Democracy has its own challenges. If you have committed, active members participating in the governance of the cooperative, then it can work very well. If you don’t, then the business could suffer. One member one vote means that control is distributed among all the owners. Likewise profits are distributed equally, meaning a relatively small share for each individual member. It can be hard to raise money as a cooperative, because large investors may be put off by the fact that they have to share control with so many other people.
4. C Corporation
How It Works
As a corporation, your company is an independent legal entity owned by shareholders. You have to register your business and file “Articles of Incorporation” with your state’s Secretary of State office, as well as obtaining business licenses and permits.
There are two main types: C Corporations and S Corporations, a distinction that mostly refers to how they're treated under the tax code. We’ll look at C Corporations first.
The main advantage is limited liability—in most cases you can lose any money you've invested in the company, but no more than that. There’s a strict legal line between your personal and business assets. You can only be held personally responsible under certain limited circumstances, such as intentional fraud.
Corporations can have an unlimited number of shareholders. That gives them a lot of flexibility in the ownership structure, and makes them more attractive to potential investors.
Corporations are complex and expensive to set up, and there's a lot of ongoing administration and paperwork. You’ll have to set up a board of directors and hold annual meetings, as well as meeting other requirements.
Also, corporations are subject to “double taxation”—the corporation pays tax on income it generates, and you're taxed separately on any salary or dividends you take out of the business.
5. S Corporation
How It Works
An S Corporation is a special type of corporation that takes advantage of a tax rule: it gets its name from the section of the tax code it falls under. The way S Corporations are set up means that in general they don’t pay any federal income taxes, with the profits instead being passed directly through to the shareholders, who declare them on their own individual income tax returns.
If you choose to incorporate as an S Corporation, you enjoy limited personal liability, as with a C Corporation. But you also enjoy the tax advantage of sole proprietorships and partnerships, where the corporation itself doesn’t pay any federal income tax, and you declare the income on your personal income tax instead. (Note, however, that this is not always an advantage. The top personal income tax rate is higher than the corporate tax rate, so you’ll need to weigh that up when deciding which tax structure to use.)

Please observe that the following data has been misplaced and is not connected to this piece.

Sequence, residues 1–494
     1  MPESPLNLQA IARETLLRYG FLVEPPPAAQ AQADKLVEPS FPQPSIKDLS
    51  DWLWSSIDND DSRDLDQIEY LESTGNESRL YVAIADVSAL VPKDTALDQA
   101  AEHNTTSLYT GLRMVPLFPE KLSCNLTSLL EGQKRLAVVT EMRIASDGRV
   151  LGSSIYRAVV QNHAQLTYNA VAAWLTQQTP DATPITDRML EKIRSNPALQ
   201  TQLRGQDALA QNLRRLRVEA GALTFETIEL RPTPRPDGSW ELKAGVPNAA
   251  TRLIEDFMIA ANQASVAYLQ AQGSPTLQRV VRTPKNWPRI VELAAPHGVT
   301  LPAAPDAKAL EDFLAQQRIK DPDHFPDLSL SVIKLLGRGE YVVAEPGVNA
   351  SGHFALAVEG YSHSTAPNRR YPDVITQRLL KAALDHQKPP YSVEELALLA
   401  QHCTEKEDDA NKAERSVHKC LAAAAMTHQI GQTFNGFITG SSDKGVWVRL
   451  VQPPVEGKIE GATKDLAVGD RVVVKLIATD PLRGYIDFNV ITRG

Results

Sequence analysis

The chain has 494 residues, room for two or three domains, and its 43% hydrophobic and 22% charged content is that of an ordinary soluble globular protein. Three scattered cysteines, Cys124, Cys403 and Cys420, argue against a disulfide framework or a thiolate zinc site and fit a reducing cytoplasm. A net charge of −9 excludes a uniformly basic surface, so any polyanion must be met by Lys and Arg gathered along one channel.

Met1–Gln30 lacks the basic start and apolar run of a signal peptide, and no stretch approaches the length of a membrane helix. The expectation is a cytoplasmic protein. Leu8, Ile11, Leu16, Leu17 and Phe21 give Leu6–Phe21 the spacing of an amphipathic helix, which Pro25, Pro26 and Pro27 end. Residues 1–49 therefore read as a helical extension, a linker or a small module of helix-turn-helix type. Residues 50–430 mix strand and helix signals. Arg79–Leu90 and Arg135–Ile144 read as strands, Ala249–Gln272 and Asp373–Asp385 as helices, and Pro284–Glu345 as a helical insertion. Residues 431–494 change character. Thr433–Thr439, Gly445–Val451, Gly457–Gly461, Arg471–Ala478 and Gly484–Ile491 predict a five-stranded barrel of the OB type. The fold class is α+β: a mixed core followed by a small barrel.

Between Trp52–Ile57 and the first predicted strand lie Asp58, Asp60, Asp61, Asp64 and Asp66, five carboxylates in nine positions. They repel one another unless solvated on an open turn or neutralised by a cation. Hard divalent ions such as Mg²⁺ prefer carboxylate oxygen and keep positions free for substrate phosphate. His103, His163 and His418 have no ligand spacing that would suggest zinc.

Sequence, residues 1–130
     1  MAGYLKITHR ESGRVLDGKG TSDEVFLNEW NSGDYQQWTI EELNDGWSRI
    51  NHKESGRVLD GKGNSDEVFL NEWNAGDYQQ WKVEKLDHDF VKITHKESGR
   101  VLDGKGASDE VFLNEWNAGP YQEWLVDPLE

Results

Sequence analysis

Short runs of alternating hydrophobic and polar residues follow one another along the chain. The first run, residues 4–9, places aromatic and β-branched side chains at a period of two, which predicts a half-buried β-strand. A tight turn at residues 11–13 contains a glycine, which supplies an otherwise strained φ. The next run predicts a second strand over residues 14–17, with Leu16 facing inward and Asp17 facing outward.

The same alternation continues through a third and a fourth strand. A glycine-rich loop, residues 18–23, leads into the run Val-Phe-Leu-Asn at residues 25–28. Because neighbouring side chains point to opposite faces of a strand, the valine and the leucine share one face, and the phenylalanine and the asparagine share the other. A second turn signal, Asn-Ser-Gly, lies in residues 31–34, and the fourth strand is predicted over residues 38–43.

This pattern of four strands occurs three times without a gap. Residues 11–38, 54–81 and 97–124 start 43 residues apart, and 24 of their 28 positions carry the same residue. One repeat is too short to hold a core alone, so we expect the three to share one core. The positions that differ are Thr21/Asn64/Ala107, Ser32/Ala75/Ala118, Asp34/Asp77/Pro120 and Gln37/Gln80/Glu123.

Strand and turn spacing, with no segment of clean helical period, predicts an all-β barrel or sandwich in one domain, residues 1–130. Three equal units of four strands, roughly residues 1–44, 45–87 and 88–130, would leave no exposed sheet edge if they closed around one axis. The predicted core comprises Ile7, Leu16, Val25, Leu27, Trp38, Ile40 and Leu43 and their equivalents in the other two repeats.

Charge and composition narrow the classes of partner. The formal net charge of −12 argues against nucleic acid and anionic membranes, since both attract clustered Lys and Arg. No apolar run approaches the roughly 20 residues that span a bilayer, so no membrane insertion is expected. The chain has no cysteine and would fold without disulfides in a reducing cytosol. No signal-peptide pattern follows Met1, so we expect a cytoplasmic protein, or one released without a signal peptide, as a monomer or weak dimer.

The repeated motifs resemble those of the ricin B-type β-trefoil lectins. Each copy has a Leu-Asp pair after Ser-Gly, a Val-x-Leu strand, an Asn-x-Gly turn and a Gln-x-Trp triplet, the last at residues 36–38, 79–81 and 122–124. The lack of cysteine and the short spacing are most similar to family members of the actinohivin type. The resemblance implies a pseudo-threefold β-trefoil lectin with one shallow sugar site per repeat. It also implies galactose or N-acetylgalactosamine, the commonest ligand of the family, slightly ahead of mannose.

S Corporations have to meet extra criteria to qualify for the tax treatment. One restriction is that you can’t have more than 100 shareholders, which can create problems when a company starts to grow larger. It’s common, for example, for companies to give some stock to their employees, and that would be very difficult in an S Corporation. And you couldn’t hold an IPO as an S Corporation.
The IRS has also devoted particular scrutiny to S Corporations in recent years. It pays particular attention to things like how much compensation you pay to employees, so you need to step carefully to make sure you meet all the IRS’s requirements.
6. Limited Liability Company
How It Works
Our final structure, the limited liability company, combines the limited liability of a corporation with the tax features of a partnership. You set it up by filing articles of association with your state’s Secretary of State office, as with a corporation. The owners of an LLC are referred to as “members” instead of shareholders.
As the name implies, your personal assets are shielded from the company’s debts and liabilities. In the event of a bankruptcy or lawsuit, your personal liability is limited.
LLCs also benefit from the tax treatment of partnerships and S corporations, where the company itself is not taxed at the federal level, and the income is instead “passed through” to the individual members to be declared on their personal tax returns.
Unlike a corporation, an LLC has a limited lifespan, and in many states it has to be dissolved if one member leaves. The rules vary, and you can make provision for changes in your operating agreement, but it still lacks the permanence and stability of a corporation.
LLCs also have less flexibility than corporations in how they issue stock. It’s complex for LLCs to do things like issue stock options to employees, and they can’t hold IPOs. Venture capitalists will also typically not invest in LLCs, so the structure can hamper growth.
If you want to change the legal structure of your business, the next step is to talk to a lawyer to get personalized advice. In this tutorial, you’ve seen what the main options are, and learned the advantages and disadvantages of each. You should now have a good general idea of what would work for your business. But it’s a complex area, and it’s worth getting professional advice based on your own particular situation.
The steps for changing your business structure also vary depending on which country you’re based in—and within the United States, they vary by state. If you want to form a corporation, for example, you’ll need to go through your state government—it’s usually handled by the office of the Secretary of State. The U.S. government web portal USA.gov has links to each state’s website, so you can get more information on the rules for incorporation in your state.
Your attorney can help
you navigate the system and make all the necessary legal changes. But from
taking this tutorial, you should now know which legal structure makes the most
sense for your business, and whether you need to consider changing your